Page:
Plantation owners weren’t the only pioneers that sought a new life in a tropical, fertile land. Life for lower-class pioneers wasn’t an easy one. Henry J. Wagner described the life of these early settlers of Dade County from 1840 to 1880. He depicted the first settlers in Dade County living on sow belly, grits and the fruits of the land. They made a starch from the stems of the indigenous "coonti" plant that had to be shipped to Key West and sold at auction for 1.5 to 5 cents a pound. Settlers grew a few vegetables for their own use but only farmed sweet potatoes, pumpkin and field corn. Orange trees were planted, then avocado, mangoes, sapodilla, grapefruit, citron and bananas. Transportation began improving with boats that were much faster and larger, making it easier for the people to market and sell their crops.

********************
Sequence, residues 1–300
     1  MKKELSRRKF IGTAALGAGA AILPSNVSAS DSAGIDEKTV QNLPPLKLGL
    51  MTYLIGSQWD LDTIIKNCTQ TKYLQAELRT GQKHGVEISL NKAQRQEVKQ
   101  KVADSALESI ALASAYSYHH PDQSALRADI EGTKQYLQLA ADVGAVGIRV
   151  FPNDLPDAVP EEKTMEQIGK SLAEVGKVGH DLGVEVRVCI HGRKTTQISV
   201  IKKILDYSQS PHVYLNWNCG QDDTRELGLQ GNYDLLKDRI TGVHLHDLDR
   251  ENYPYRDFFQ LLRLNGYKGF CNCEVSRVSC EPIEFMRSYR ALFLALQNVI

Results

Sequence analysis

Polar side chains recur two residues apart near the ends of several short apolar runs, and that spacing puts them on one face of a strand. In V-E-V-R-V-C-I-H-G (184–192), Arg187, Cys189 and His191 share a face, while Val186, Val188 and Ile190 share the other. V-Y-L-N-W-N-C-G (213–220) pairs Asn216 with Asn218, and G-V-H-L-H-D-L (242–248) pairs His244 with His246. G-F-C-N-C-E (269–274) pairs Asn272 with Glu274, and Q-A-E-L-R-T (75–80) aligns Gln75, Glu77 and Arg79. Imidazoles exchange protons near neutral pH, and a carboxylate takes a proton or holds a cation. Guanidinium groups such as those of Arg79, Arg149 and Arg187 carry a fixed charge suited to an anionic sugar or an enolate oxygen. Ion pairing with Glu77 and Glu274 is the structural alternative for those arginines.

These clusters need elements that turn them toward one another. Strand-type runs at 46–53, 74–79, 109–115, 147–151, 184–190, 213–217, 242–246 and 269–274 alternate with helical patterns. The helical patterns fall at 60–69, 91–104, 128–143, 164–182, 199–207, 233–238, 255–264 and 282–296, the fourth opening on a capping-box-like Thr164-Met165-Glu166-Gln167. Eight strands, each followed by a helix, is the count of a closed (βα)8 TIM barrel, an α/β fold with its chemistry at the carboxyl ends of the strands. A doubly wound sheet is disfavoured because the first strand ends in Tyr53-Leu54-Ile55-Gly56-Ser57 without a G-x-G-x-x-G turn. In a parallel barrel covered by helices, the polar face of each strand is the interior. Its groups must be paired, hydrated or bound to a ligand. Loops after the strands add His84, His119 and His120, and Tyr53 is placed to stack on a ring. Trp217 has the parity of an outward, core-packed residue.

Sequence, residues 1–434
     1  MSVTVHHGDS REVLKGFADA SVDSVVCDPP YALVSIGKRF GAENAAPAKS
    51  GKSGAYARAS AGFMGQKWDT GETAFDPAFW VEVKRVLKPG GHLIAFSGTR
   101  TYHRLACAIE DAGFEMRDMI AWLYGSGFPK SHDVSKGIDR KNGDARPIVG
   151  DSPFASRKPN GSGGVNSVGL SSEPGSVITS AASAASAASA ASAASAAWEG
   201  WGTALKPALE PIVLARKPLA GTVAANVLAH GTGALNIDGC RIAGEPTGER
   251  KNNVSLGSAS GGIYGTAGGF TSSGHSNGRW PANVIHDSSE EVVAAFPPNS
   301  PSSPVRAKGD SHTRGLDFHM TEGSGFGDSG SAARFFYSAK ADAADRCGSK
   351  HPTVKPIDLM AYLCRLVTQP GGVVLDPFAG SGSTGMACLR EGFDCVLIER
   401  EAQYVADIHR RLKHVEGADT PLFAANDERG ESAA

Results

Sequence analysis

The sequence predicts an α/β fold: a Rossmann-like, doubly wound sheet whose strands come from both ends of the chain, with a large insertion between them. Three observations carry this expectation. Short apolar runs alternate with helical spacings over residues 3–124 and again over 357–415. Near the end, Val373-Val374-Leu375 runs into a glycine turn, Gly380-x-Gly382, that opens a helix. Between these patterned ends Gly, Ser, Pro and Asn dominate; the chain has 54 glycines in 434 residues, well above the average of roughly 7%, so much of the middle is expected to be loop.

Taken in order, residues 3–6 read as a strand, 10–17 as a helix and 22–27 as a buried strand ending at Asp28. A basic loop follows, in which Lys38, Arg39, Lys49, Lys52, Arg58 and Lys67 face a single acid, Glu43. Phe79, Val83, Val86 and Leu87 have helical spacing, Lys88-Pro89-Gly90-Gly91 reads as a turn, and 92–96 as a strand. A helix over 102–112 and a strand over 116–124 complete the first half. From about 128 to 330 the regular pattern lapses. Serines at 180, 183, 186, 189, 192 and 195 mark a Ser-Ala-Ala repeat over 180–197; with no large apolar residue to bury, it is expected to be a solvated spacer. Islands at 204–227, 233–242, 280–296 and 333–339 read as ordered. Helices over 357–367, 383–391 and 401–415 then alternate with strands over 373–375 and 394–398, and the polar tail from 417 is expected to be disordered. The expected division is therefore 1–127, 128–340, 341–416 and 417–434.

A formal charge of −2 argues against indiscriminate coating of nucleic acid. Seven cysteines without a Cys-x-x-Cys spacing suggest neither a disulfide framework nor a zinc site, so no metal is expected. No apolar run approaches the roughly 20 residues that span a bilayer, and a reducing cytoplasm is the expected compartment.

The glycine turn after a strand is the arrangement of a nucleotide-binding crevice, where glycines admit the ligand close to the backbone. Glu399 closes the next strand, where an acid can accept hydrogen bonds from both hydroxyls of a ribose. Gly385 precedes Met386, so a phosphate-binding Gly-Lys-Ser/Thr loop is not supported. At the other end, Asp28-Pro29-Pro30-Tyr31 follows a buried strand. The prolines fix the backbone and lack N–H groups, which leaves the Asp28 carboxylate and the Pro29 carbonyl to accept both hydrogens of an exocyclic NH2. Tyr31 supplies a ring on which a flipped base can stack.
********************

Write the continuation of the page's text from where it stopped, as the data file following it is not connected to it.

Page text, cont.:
The use of steamboats in the Civil War led to growing commerce and industry in various port cities. Tampa, for example, became the economic and transportation hub for Southwest Florida and the interior of the State. In Tampa’s early years, lack of education and job opportunities for women left many to turn to exploitation and prostitution. Tampa became a “Sin City of the South." The seaport gave offerings of alcohol and houses of ill-repute.